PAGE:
By Michael Coco

The New Jersey Supreme Court, through the Committee on the Rules of Evidence (the “Committee”) is proposing changes to the rules on admitting evidence and allowing testimony from health care professionals involved in the counseling and treatment of mental health patients. As it currently stands, New Jersey has a patchwork statutes, evidentiary rules, and agency regulations (“Current Rules”) that address privilege in the mental health setting. The Committee is looking to replace the Current Rules with one unified evidentiary rule (“Draft Rule”) that covers all mental health related communications, including the specific practitioners who are granted this privilege and when the privilege applies.

The Draft Rule confers privilege on the following professionals: psychologists; physicians (including psychiatrists); marriage counselors; family therapists; victim counselors; social workers; nurses; professional counselors; and psychoanalysts. These professionals would be able to claim privilege under most circumstances if asked to testify to any conversation with the mental health patient. In fact, the Draft Rule states that such professionals “shall claim the privilege unless otherwise instructed by the patient.” In other words, these professionals must maintain patient confidentiality unless they receive specific consent from the patient, or if an exception applies. Exceptions in the Draft Rule are similar to current privilege exceptions, and include allowing the professional to disclose information if the patient is a danger to himself or others. Patients, guardians, family members and representatives of a deceased patient may claim the privilege, but the mental health professional may not claim the privilege if the patient waives the privilege.[1]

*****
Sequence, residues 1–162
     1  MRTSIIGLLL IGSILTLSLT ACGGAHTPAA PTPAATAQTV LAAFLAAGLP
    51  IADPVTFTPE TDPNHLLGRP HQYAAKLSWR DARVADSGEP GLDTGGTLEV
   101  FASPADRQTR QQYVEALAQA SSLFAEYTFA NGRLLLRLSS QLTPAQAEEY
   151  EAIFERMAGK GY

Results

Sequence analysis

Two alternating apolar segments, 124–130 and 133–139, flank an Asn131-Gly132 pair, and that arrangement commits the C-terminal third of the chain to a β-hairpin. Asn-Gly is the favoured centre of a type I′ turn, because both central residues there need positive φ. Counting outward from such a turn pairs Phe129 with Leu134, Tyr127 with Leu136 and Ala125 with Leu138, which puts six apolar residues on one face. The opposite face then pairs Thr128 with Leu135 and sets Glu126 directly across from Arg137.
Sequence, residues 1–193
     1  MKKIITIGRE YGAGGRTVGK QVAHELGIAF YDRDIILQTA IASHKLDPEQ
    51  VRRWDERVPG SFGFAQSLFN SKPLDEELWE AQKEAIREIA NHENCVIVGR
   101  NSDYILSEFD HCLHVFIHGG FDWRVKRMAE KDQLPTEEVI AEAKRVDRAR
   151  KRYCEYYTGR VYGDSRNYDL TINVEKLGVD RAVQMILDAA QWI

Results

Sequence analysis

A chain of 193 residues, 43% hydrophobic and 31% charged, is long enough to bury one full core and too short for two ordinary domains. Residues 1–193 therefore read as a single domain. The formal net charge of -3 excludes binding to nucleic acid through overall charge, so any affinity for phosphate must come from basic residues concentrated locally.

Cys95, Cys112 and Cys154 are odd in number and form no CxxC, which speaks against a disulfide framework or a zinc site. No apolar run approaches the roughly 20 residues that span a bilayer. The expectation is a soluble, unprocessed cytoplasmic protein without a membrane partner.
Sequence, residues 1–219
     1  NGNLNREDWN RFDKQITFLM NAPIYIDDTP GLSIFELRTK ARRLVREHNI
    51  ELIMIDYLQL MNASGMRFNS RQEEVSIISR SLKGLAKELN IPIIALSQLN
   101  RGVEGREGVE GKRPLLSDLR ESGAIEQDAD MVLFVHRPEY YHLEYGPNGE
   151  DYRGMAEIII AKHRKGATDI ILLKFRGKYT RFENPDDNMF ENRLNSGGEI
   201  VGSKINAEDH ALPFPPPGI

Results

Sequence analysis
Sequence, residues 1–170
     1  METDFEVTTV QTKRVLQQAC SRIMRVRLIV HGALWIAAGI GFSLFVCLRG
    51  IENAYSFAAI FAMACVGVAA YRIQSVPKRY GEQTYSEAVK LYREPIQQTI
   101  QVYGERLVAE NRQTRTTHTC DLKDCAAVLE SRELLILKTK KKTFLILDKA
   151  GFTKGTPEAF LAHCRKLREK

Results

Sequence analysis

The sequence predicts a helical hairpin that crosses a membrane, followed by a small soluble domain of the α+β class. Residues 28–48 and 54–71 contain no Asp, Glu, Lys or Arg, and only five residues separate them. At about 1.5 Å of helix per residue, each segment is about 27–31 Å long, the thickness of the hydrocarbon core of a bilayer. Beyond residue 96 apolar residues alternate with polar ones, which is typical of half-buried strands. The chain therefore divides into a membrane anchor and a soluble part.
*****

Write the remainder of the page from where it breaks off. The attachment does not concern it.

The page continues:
Although the list of professionals in the Draft Rule is thorough, the Committee should consider including emergency responders, i.e. first responders, emergency medical technicians, and paramedics. These emergency responders often record vital information on a patient’s condition and use that information to determine transport options, and they relay the information to medical facilities or other emergency personnel. Patients should feel comfortable telling these responders – in confidence – about their current mental health crisis. Allowing the patient to confide in first responders will also increase the likelihood of the patient disclosing steps he may have taken to harm himself, such as ingesting a poison. Allowing a mental health patient to confide in first responders will also alert the responders to any danger the patient may pose to the first responders or to the public at large.

The Committee has not yet finalized the Draft Rule and is soliciting comments and opinions from the public. If you have thoughts on the mental health privilege, please share them with the Committee. The deadline for comments for the Draft Rule is June 2, 2014. More information on the Committee and submitting comments can be found here:

For more information, please contact Michael Coco

[1] In certain privileged conversations, such as the priest-penitent privilege, both parties hold the privilege. In that case, for example, a priest will not be forced to testify to a privileged conversation even if the penitent waives his or her own privilege.